Mir Shakilur Rehman, an editor with Pakistan’s largest media group, has been arrested on “politically motivated charges” claimed Human Rights Watch (HRW) and urged the authorities to release him and stop harassing his family members.
In an HRW statement on Friday, Pakistani authorities were accused of “using vague and overbroad anti-corruption laws against dissenting voices.”
Rehman, 63, editor-in-chief of the Jang group, has been in pretrial custody since his March 12 arrest by the National Accountability Bureau (NAB), an anti-corruption watchdog that “has been implicated in serious abuses” the rights group said.
He was arrested on charges relating to a 34-year-old property transaction and his bail was denied on by the Lahore High Court on July 8 even as he said he posed no flight risk and was in ill-health.
The next day, the court heard an NAB petition seeking the arrest of Rehman’s wife and four children concerning the same property transaction. In 1986, at the time of the property transaction, Rehman’s children were ages 8, 6, 4, and 1, HRW pointed.
“Seeking the arrest of Mir Shakilur Rehman’s children for alleged acts when they were hardly more than toddlers shows how ludicrous the case against him is,” said Brad Adams, Asia director at HRW.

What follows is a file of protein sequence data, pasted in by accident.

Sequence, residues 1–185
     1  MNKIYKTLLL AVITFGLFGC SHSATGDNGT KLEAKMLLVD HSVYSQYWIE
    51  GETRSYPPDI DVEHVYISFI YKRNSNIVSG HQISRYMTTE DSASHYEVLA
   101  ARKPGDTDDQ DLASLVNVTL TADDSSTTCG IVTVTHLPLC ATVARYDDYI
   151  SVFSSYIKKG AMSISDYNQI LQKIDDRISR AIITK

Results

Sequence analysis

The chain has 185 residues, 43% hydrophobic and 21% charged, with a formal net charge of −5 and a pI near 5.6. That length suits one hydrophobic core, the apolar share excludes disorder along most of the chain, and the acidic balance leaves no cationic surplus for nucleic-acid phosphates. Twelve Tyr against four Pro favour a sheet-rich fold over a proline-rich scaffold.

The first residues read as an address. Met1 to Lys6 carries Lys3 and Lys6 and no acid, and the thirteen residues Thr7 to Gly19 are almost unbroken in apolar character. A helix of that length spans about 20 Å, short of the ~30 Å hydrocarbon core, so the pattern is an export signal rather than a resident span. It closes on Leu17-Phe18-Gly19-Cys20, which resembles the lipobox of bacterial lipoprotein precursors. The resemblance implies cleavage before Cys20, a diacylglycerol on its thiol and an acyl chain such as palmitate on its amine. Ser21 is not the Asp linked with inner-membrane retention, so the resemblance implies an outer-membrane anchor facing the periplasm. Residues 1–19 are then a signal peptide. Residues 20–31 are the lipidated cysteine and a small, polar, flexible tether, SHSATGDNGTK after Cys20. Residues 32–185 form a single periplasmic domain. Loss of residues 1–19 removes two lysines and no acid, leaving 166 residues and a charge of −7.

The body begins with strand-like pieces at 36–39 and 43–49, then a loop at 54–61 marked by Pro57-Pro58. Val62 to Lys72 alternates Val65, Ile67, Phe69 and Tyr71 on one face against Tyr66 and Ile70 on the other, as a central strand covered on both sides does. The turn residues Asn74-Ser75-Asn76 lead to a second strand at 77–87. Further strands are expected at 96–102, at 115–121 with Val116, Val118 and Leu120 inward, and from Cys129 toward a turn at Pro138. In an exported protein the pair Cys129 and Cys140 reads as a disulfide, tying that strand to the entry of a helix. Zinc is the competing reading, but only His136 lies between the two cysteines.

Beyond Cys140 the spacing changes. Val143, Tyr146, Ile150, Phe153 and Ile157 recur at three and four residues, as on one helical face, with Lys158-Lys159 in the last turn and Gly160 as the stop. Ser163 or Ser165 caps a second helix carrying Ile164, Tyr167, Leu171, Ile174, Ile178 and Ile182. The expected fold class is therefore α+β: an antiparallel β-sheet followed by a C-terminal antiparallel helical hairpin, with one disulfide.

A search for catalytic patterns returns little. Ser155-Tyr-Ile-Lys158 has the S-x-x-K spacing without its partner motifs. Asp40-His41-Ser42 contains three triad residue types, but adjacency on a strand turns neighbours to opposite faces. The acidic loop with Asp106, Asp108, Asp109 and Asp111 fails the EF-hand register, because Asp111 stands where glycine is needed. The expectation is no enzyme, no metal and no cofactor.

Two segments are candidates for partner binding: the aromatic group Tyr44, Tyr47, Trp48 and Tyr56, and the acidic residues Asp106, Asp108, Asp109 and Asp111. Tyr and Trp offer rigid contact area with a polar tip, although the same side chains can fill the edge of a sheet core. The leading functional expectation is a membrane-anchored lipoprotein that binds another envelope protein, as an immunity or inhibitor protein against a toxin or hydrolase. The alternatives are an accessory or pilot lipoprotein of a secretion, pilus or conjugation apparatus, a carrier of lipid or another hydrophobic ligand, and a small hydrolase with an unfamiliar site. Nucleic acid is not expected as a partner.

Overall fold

The rights group detailed the “climate of fear” Pakistan’s media operates in.
“Media outlets are under pressure from the authorities not to criticize the government. The Jang Group alleges that, over the past two years, the NAB has sent more than a dozen threatening letters to its reporters, editors, and producers for reporting that has been critical of the bureau,” the statement reads.
“The Pakistani government should cease using the National Accountability Bureau to target journalists, opposition politicians, and outspoken critics,” Adams said. “As a first step, the government should repeal the draconian dictatorship-era laws that have shrunk basic free expression rights.”
Since its creation in 1999, the National Accountability Bureau was granted unchecked powers of arrest, investigation, and prosecution. It is allowed to detain people for up to 90 days without charge.
In March, the chief justice of the Islamabad High Court ruled that the NAB had made arbitrary use of its arrest powers.